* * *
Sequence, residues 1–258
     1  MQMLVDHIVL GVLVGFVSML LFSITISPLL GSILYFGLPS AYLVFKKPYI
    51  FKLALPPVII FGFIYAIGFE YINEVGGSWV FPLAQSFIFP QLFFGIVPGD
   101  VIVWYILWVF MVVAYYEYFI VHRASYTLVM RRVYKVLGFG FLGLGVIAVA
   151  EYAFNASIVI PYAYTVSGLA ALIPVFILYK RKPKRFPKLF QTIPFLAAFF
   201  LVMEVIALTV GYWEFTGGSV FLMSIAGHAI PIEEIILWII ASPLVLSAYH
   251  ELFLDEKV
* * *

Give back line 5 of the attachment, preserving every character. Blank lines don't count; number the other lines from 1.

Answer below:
   151  EYAFNASIVI PYAYTVSGLA ALIPVFILYK RKPKRFPKLF QTIPFLAAFF